Alyssa Johnson said...

Mr. Brown, it discourages me that I left, what I believe, is a fairly non-confrontational comment on this blog entry. I'm attacking no one, just voicing perhaps some thoughts that earlier commenters may not have considered. I can only assume you are not a biologist, faced with attempting to make sound, ethical, biological decisions, only to be halted by red tape and critiqued by thousands, while working on a tight budget with not enough staff. As you sarcastically remarked, yes I'm in college. But I think I'm bright, and able to think critically about difficult situations. I'm not even going to begin to counter-comment your entire list, but I would like to say that the 'numbers' you keep referring to, while not devastating in NY or on the East Coast yet (from CWD mortality), have potential to be. We don't know enough yet about the defunct prions responsible for the disease, that we must be proactive and vigilant in our monitoring efforts of the deer herd. Unfortunately, there is loss associated with monitoring of wild animals. Of course, there are inexperienced and or unethical wildlife managers, but not all. And, I'd like to assume the good ones outnumber the bad, and we can rely on them for doing the best that they can do, given their resources.

Larry W. Brown said...

Ms. Johnson, I appreciate your response, and I never questioned your intelligence.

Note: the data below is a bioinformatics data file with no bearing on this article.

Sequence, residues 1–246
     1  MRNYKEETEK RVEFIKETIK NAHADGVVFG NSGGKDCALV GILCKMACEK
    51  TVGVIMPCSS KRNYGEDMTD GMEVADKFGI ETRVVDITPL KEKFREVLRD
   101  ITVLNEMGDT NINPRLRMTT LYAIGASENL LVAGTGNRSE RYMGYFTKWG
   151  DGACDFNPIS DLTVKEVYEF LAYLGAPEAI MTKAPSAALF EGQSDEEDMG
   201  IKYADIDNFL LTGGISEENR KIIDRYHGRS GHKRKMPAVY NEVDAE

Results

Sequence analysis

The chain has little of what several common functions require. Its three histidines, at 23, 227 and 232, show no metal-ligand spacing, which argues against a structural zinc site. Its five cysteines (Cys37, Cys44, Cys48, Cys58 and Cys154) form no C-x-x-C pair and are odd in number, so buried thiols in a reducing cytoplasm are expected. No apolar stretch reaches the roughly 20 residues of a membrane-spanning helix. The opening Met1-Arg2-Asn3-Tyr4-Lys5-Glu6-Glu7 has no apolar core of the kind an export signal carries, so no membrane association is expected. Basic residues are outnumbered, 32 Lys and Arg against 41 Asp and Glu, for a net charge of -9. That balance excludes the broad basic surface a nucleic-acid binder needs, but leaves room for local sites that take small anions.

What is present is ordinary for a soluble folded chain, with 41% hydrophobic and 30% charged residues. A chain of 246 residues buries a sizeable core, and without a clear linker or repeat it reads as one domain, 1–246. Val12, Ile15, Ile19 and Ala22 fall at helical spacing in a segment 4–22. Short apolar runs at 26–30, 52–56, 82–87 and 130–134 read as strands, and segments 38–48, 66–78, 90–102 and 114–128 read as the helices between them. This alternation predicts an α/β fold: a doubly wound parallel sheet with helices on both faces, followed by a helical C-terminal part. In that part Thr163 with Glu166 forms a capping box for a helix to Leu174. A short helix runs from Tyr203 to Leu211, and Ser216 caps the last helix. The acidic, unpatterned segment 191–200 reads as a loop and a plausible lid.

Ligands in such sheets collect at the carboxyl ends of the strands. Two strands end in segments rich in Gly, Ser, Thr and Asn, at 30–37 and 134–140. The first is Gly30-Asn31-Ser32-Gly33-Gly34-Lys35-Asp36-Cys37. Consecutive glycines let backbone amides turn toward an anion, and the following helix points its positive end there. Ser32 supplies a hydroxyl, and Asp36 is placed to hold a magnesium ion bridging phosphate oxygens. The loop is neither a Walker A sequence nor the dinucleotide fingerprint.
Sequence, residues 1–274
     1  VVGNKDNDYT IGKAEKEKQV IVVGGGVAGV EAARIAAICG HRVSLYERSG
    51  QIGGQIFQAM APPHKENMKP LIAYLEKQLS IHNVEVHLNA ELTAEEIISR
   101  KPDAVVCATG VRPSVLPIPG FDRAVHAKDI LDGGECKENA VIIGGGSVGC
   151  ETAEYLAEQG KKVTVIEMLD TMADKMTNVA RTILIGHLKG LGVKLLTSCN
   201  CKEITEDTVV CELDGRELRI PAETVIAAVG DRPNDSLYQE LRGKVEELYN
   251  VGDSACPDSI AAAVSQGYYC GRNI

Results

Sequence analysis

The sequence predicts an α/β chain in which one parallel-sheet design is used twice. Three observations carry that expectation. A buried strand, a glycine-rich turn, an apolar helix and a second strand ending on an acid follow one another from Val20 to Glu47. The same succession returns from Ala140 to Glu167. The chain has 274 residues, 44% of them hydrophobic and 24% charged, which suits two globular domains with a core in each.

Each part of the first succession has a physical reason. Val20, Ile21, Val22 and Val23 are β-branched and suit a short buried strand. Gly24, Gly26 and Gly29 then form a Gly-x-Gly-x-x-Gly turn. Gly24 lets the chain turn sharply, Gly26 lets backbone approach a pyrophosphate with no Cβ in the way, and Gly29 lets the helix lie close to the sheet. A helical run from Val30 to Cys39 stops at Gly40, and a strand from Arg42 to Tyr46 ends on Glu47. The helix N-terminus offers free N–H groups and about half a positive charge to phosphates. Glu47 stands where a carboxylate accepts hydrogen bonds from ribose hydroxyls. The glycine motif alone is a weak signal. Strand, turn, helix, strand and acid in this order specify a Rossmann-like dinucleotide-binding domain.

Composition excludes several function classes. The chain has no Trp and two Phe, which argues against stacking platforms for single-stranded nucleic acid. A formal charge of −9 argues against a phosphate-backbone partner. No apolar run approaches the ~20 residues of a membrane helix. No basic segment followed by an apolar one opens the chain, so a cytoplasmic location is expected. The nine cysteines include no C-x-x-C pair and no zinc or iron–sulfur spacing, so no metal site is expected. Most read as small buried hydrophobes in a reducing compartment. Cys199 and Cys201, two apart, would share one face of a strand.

In all fairness, your initial comment was fairly non-confrontational, but the remark about "these measures of using hardcore collars, with big packs on them, is so necessary" was not fair IMHO. As you can see from the photos, SNP is the only agency using 1970's technology, and the huge green ID plates are a disaster waiting to happen (which already has occurred several times).

And the remark about "the severity and scope of CWD is so large and potentially dangerous to our deer herds" is so off base. What you stated in your recent comment sums it up best: "We don't know enough yet about the defunct prions responsible for the disease". Therefore all the chatter everywhere about CWD being fatal and harming deer herds is so unnecessary. There has never been one documented case of a herd (wild or farmed) being lost due to CWD. More focus should be brought to EHD and Bluetongue, both of which we know are truly acute, fatal, viral diseases within cervid populations.

As for wildlife managers, I'd also like to assume the good ones outnumber the bad, but the SNP wildlife resources management team is far from being a good one. Their main goal is to reduce numbers and their so-called CWD study is the scapegoat they need to smooth over the general public.